Offering a fresh take on inquiry, this book draws on current research and theory in science education, literacy, and educational psychology, as well as the history and philosophy of science, to make its case for transforming the way science is taught.
Re-thinking the Way We Teach Science addresses major themes in national reform documents and movements--how to place students at the center of what happens in the classroom; how to shift the focus from giving answers to building arguments; how to move beyond narrow disciplinary boundaries to integrated explorations of ideas and issues that connect directly with students; and most especially, the importance of engaging students in discussions of an interactive and explanatory character. Deeply anchored in the classroom, highly interactive, and relevant across grade levels and subject matter, above all this is a book about choosing to place the authority of reason over that of right answers.
Chapter One: On Wonder
Interlude: A Note on City Schools
Chapter Two: On the Shift from Answers to Arguments
Interlude: On the Differences between "What?" and "So what?"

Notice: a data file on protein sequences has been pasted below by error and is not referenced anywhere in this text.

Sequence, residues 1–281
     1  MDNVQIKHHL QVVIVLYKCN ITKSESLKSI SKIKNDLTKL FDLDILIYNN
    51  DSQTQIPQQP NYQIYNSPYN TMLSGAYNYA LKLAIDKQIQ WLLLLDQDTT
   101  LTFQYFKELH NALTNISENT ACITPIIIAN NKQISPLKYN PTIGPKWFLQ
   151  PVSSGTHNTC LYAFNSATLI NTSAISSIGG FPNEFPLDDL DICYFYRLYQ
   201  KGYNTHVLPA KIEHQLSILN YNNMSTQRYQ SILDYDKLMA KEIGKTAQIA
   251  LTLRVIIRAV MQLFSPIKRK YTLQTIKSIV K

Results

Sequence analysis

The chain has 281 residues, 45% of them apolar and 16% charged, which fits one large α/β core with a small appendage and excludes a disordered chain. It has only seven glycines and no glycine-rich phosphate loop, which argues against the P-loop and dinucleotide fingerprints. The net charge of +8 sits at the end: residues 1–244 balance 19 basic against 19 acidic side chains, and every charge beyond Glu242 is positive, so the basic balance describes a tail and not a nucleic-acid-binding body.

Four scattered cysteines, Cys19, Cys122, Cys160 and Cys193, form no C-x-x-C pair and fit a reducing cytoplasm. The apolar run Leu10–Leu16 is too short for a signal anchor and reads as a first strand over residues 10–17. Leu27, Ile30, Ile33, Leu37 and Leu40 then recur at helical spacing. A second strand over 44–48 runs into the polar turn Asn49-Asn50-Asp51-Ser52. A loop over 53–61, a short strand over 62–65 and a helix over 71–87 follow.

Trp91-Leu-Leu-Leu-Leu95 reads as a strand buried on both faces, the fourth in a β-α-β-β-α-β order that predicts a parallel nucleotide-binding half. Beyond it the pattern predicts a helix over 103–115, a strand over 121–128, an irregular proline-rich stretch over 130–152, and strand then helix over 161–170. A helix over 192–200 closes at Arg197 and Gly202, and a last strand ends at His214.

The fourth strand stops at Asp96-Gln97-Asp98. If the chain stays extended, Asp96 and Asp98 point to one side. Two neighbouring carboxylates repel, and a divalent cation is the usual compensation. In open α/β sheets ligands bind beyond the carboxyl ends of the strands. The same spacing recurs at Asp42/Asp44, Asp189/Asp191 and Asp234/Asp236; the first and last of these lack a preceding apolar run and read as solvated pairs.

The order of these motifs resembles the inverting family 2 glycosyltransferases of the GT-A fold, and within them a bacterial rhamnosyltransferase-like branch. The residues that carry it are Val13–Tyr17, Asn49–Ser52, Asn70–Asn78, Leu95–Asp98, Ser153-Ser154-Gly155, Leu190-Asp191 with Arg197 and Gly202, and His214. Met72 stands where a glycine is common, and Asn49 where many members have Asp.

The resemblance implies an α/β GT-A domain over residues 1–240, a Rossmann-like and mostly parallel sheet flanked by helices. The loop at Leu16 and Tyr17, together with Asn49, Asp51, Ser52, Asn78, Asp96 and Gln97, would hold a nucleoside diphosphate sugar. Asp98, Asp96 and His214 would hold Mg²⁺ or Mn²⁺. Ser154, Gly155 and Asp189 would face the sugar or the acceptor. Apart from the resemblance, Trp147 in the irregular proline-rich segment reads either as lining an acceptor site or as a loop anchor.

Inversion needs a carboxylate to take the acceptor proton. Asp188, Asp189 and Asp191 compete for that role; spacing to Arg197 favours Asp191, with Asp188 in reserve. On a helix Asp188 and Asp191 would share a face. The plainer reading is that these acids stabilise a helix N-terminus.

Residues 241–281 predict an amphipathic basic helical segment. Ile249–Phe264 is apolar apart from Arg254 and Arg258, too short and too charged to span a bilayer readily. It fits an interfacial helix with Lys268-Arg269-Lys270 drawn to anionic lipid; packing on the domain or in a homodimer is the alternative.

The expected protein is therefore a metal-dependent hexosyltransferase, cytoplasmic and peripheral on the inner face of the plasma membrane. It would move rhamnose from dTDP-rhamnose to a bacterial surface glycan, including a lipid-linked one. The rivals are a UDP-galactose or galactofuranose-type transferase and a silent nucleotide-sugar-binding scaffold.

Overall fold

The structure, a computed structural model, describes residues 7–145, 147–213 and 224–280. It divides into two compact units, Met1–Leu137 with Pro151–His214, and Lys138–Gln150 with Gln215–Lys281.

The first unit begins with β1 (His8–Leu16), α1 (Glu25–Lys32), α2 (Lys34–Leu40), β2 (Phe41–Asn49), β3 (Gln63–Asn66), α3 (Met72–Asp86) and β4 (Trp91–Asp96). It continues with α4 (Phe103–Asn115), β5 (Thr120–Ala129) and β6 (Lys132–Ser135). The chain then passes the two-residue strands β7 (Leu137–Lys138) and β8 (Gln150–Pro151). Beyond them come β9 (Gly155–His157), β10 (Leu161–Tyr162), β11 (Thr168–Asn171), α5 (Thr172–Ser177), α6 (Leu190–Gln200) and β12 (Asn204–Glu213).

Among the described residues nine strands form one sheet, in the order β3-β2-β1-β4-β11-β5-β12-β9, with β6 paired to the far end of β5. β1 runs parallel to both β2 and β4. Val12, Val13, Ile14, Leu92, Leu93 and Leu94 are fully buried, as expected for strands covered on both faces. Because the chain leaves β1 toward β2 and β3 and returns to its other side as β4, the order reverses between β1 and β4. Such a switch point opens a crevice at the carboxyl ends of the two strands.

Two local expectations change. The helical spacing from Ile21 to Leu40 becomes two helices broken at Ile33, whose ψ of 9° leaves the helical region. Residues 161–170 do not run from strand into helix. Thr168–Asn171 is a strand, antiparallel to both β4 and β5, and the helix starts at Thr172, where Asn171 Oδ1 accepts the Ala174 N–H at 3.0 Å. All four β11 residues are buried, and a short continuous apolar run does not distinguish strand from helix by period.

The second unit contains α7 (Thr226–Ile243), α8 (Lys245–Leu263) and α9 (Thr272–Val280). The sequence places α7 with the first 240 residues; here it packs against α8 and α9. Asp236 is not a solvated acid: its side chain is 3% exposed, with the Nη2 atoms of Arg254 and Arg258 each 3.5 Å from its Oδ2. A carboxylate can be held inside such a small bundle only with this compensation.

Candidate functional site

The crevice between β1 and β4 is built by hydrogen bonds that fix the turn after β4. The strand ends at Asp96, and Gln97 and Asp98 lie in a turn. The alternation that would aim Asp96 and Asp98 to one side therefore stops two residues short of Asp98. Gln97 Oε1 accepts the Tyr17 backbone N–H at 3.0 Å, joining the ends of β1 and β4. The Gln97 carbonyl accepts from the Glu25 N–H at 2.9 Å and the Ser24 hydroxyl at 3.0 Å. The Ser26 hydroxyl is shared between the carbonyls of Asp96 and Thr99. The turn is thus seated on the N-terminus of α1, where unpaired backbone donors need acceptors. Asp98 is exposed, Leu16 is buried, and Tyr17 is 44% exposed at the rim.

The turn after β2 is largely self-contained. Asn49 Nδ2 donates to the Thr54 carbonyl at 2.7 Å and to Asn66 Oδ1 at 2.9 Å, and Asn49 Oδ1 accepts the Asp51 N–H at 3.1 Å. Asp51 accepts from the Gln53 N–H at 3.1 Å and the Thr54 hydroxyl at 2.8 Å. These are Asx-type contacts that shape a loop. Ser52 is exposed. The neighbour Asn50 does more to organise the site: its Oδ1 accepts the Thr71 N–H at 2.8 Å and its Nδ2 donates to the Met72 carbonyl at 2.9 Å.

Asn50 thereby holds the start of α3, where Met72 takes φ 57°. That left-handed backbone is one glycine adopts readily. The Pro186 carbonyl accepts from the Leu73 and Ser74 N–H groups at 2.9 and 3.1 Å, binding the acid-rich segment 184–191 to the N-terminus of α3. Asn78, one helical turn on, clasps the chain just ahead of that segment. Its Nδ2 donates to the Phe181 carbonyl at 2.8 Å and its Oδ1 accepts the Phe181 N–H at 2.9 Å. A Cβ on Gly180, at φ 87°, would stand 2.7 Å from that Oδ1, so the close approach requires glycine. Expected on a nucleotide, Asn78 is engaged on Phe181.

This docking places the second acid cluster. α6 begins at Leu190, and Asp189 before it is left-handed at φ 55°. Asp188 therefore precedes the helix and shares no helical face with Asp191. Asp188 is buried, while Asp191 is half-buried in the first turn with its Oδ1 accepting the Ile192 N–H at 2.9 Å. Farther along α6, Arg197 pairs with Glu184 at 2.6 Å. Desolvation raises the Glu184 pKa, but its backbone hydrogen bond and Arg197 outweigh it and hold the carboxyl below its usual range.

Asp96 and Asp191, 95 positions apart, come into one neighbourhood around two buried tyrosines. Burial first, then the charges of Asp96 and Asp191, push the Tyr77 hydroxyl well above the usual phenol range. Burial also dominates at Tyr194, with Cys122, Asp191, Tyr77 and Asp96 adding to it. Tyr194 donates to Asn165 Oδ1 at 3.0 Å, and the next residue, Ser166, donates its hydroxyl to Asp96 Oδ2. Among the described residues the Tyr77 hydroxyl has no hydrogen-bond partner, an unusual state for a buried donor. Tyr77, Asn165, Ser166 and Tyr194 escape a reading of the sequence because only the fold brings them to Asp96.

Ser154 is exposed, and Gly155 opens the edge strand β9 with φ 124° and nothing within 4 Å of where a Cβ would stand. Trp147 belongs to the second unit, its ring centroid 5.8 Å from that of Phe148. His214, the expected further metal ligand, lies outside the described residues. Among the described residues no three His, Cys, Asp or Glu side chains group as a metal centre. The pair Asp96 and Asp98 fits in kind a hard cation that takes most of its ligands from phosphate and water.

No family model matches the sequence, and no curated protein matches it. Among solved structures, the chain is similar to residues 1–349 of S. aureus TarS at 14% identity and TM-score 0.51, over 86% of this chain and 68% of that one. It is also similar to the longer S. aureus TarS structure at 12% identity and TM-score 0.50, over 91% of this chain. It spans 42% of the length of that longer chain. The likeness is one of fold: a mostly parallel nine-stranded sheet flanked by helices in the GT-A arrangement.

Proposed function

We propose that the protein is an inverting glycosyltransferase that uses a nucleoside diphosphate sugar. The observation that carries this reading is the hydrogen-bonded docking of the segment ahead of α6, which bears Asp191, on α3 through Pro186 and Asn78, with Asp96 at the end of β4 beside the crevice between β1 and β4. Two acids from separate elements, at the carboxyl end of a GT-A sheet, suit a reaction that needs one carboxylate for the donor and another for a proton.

Chapter Three: On the Logic of the Classroom
Interlude: The History of Greece
Chapter Four: Inquiry as Re-Construction
Interlude: Peter Rabbit and Plato
Chapter Five: What Do We Teach When We don’t Teach the Answer?
Interlude: Uncovering the Gods
Chapter Six: On Story
Interlude: Why it’s a Good idea to Smack your Lips When the Lord of the Manor is Around.
Chapter Seven: STEM –a Promethean Program
Interlude: Taking Measure of Things.
Chapter Eight: On the Politics of Learning
Last Interlude: Let the Kids have the Last Word
The Teaching and Learning in Science Series brings together theoretical and practical scholarship emanating from a wide range of research approaches and paradigms on an equally wide variety of topics.
International concerns about the quality of the teaching and learning of science continue to increase across countries, states, provinces, and local communities with each round of international assessments. During a period of expansive reform in science education, it is especially important that the most current research in areas of critical concern be synthesized for use by both practitioners and researchers.
Proposals for authored or edited books are encouraged that address research and practice in the teaching and learning of science and/or any aspects of the current reforms in science education. The primary focus is the theoretical and practical importance of the problem being investigated. Equal consideration will be given to theoretically oriented and practitioner-oriented proposals. It is hoped that this series will generate as many critical questions as answers it may provide. Themes for prospective manuscripts may include, but are certainly not limited to: